“If the job of a service professional is to transfer the value of their intellectual property into wealth, how much will transparency hurt?”
Information asymmetry in a buyer-seller relationship is where the real power lies. And now, thanks to transparency, information asymmetry is becoming harder to create. To survive, the basic structure of transactions will have to adapt.
Rewriting Social Norms
According to Mark Zuckerberg, “Transparency increases integrity.�� His entire business model for Facebook is oriented around society’s growing embrace of transparency.
Nowhere in society are our values shifting faster than when it comes to our thinking about privacy vs. transparency. But we are still in the middle of this evolution so we have no way of fully embracing the “new norms” to live our lives.
So were do we go from here?
There are several “unfinished pieces” that will leave us in limbo for the foreseeable future.
First, the technology of transparency has not stabilized. Technology is moving quickly and may never be fully complete.
Video cameras are improving in resolution, and will soon have additional capabilities. Where once they were limited to grainy black and white images silhouetted against a fuzzy background, videos today are improving on almost every front.
Future video technology will have the capability of seeing through walls, into buildings, and even watch us while we sleep. This can be a good thing, but in the hands of the wrong person it turns into a disastrous thing.
We are also a long ways from establishing a well-structure public policy around personal privacy. Any laws created around today’s thinking will need to be constantly updated to better mirror our evolving sense of right and wrong.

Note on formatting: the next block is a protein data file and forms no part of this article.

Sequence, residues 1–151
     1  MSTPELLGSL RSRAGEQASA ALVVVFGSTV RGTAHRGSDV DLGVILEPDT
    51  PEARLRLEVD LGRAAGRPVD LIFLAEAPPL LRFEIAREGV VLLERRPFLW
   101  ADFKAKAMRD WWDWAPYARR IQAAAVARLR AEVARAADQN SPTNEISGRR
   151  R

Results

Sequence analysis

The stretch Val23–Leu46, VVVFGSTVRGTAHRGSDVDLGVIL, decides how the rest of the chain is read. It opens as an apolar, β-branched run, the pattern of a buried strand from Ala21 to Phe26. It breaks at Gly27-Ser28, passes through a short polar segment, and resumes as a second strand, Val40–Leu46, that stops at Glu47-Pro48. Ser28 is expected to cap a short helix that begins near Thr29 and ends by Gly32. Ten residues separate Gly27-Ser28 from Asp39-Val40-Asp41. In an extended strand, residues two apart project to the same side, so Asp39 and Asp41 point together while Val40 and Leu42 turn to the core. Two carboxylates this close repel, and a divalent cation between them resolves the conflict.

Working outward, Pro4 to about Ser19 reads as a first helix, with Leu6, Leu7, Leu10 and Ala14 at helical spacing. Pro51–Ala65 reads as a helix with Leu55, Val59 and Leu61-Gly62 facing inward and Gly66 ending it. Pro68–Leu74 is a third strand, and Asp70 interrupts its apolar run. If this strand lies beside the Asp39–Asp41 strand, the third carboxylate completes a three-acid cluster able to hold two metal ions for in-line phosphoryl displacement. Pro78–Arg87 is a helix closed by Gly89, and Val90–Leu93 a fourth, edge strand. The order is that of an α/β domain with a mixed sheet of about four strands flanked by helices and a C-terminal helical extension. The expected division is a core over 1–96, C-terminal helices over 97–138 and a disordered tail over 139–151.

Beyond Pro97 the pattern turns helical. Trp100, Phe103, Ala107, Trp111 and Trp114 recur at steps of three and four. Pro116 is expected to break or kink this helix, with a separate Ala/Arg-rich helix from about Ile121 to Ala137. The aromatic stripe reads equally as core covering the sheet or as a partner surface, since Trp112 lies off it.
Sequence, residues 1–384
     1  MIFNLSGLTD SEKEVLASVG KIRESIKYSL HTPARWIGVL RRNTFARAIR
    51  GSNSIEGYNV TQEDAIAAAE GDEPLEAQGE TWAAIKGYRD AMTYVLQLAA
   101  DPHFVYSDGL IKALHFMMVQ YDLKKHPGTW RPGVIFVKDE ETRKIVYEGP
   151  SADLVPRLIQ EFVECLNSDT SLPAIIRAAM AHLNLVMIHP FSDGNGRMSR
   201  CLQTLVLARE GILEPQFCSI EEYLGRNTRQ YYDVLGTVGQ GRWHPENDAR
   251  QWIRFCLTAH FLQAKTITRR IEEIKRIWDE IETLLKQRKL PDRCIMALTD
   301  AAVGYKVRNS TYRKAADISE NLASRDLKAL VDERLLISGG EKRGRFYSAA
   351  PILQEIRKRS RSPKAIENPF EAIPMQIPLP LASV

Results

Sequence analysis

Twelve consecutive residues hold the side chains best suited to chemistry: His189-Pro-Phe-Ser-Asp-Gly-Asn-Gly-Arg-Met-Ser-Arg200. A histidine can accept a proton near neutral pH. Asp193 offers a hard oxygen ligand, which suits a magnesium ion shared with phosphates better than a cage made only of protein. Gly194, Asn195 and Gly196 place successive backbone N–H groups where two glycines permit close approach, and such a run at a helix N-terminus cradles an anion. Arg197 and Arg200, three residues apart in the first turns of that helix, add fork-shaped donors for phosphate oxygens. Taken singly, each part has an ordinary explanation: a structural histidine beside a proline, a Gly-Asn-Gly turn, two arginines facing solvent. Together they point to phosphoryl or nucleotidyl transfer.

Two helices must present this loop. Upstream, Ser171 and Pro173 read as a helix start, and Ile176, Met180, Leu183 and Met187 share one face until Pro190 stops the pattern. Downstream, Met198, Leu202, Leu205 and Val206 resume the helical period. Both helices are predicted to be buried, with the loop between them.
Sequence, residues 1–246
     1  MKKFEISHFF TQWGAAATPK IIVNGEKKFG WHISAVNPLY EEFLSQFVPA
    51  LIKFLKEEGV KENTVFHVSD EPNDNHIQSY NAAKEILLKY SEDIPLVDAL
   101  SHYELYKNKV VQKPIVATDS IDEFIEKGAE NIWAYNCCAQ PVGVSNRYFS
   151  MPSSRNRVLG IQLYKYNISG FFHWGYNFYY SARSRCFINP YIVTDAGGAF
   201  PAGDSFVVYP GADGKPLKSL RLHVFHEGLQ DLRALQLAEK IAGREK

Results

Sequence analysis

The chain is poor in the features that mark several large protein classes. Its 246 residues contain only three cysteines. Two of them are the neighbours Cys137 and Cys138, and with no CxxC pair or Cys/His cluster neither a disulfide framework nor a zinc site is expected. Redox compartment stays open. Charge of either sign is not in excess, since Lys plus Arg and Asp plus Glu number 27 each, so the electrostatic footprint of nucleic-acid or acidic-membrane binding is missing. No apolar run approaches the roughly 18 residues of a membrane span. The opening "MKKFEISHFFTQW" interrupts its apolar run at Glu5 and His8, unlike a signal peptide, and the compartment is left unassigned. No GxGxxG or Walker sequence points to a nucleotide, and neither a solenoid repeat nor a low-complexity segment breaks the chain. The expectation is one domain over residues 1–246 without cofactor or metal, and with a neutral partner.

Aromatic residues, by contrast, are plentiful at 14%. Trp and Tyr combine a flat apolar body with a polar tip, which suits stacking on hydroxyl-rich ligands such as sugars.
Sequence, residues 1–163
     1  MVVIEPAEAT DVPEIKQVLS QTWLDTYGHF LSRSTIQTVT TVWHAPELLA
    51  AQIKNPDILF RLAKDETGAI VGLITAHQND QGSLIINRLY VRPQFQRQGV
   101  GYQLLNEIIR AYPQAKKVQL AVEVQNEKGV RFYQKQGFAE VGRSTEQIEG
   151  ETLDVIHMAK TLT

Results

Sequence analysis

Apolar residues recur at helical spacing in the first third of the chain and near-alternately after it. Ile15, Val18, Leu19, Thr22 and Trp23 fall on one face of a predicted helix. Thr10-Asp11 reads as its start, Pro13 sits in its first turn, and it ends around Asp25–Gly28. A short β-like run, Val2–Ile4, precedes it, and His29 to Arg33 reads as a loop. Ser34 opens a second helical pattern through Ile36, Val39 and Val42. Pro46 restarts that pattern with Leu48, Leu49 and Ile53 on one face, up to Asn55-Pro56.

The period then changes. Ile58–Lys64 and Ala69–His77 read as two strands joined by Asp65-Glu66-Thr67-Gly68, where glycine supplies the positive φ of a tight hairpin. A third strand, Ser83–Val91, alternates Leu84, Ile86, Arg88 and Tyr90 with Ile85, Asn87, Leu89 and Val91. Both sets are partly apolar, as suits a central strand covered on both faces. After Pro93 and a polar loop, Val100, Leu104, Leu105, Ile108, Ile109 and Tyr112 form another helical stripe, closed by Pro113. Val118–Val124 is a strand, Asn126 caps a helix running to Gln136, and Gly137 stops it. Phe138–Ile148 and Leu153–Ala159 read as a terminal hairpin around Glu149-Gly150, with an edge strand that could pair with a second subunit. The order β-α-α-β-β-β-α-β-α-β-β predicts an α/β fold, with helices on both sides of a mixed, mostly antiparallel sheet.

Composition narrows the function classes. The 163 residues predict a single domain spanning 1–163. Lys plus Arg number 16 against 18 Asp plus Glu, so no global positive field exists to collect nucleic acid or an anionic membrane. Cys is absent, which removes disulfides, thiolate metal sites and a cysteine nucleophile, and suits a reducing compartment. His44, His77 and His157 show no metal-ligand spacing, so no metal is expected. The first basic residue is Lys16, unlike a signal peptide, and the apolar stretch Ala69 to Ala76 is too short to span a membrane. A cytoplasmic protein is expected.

We can understand this better if we look at the economics of perversion. If only one person has photos of a naked celebrity, it becomes a valuable commodity. If you can find the same photos on 10,000 different websites, the value of that photo approaches zero, and our thinking about perversion suddenly shifts along with the proliferation. Nakedness becomes the new norm.
At one time, selling alcohol was illegal until we decided it was ok.
Selling marijuana is still illegal, but as a society, we are on the verge of changing those laws as well.
Many of our fears are framed around the old notions of right and wrong, legal and illegal. As those standards change, how does this cause us as a society to reframe our lives?
As I bring this discussion to a close, I am probably leaving you with far more questions than answers. But to those rare people who can find the answers, answers that everyone will embrace, a golden opportunity awaits.
Thomas Frey is the executive director and senior futurist at the DaVinci Institute and currently Google’s top-rated futurist speaker. At the Institute, he has developed original research studies, enabling him to speak on unusual topics, translating trends into unique opportunities. Tom continually pushes the envelope of understanding, creating fascinating images of the world to come. His talks on futurist topics have captivated people ranging from high level of government officials to executives in Fortune 500 companies including NASA, IBM, AT&T, Hewlett-Packard, Unilever, GE, Blackmont Capital, Lucent Technologies, First Data, Boeing, Ford Motor Company, Qwest, Allied Signal, Hunter Douglas, Direct TV, Capital One, National Association of Federal Credit Unions, STAMATS, Bell Canada, American Chemical Society, Times of India, Leaders in Dubai, and many more. Before launching the DaVinci Institute, Tom spent 15 years at IBM as an engineer and designer where he received over 270 awards, more than any other IBM engineer.